Review: A Court of Wings and Ruin (A Court of Thorns and Roses, #3), by Sarah J. Maas

A Court of Wings and Ruin (A Court of Thorns and Roses, #3)A Court of Wings and Ruin by Sarah J. Maas
My rating: 4 of 5 stars

I’m not sure that I can say much about this book that hasn’t been said already, so I’ll keep this short and sweet. ‘A Court of Wings and Ruin’ was a great finale to the series. I have loved watching Feyre evolve over the course of this series and this book did a wonderful job of bringing everything full circle. If you’re a fan of the series, then this book is a must-read.

That being said, I honestly didn’t think that this book was as spectacular as the second book. This is probably a reflection of my personal tastes more than anything. I am primarily a romance reader. I like a little fantasy and adventure, but I need a healthy dose of romance thrown in.

While this third book definitely continued the love story, it wasn’t as smutty as I would’ve liked. There, I said it. I wanted more steamy, hot times with Feyre and Rhysand. The second book definitely provided more to work with in that regard, but I understand that this book is not marketed for adult romance readers, like me. Again, it is just a matter of personal preferences.

On the other hand, this book was action-packed. From start to finish, there was always something adventurous and deadly brewing. There was never a dull moment. It definitely kept me on the edge of my seat right to the very end.

I won’t say much about the storyline, because I don’t want to spoil it for anyone. There are a lot of changes that occur during this book. Some are heartbreaking, others will make you melt. I was left with a feeling of contentment, resolute that everything was “right” in this make believe world that I grew to love so much.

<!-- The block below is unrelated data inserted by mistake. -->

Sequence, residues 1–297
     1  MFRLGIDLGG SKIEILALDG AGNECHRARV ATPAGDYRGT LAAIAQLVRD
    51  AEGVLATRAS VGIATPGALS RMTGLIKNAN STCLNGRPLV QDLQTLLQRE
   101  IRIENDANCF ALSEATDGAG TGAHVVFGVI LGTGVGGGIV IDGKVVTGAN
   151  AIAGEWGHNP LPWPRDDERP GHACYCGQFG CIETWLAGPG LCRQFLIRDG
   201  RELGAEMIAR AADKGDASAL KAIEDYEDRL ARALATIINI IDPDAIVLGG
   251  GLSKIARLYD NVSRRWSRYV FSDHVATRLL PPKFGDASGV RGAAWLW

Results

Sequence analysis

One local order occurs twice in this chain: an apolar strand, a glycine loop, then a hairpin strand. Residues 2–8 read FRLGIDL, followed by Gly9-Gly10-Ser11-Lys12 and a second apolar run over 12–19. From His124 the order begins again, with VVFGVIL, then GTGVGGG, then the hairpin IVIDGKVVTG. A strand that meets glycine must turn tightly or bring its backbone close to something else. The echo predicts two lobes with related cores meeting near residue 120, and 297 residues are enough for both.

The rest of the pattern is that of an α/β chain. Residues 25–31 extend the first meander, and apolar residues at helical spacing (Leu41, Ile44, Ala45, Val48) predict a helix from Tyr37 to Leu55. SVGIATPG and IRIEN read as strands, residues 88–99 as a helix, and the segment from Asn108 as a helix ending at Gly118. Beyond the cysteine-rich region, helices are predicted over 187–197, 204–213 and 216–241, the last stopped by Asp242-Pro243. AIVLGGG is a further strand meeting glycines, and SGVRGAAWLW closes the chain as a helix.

While this series has drawn to a close, I am left wondering if Ms. Maas has any plans to create a spin-off series. There were so many characters introduced in this series that have grown dear to me. I feel like their stories want to be told and she certainly planted the seeds to do this. I guess I’ll have to wait and see.

Overall, this was a fantastic book and series. I would definitely recommend this series to others. ‘A Court of Mist and Fury’ is still my favorite by far, but this one was great in and of it’s own right also.

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Review: Winter’s Passage (The Iron Fey, #1.5), by Julie Kagawa

Winter's Passage (Iron Fey, #1.5)Winter’s Passage by Julie Kagawa
My rating: 3 of 5 stars

At around 50 pages, ‘Winter’s Passage’ is a nice bridge between ‘The Iron King’ and the second full-length book in the series. This novella picks up right where ‘The Iron King’ leaves off, with Meghan journeying back to the Winter Court with Ash to fulfill her end of their contract. Of course, there is plenty of adventure along the way and the introduction of a few new characters.

This ended up being a very sweet and heartfelt novella. Ash and Meghan are falling in love and their feelings are getting harder to deny. It was pervaded with the sweet, innocent feel of first love.

However, this short read also had a sense of impending doom that was always lurking in the background. Ash and Meghan know that their romance is strictly forbidden. More than Meghan, Ash knows the cruelty of the Winter Court. The closer the two become, the more Meghan’s fate in the Winter Court haunts them both. With each step, the sense of dread grows.

This novella was a nice lead-in for the second book. However, it wasn’t absolutely necessary to follow and understand the series. After finishing this novella, I jumped right into the second book only to find that much of the information provided in this novella was also provided in ‘The Iron Daughter’. So, while this was a nice, quick “extra”, it isn’t really required in my opinion. It was sweet and I liked it, but there isn’t anything revolutionary or critical here.

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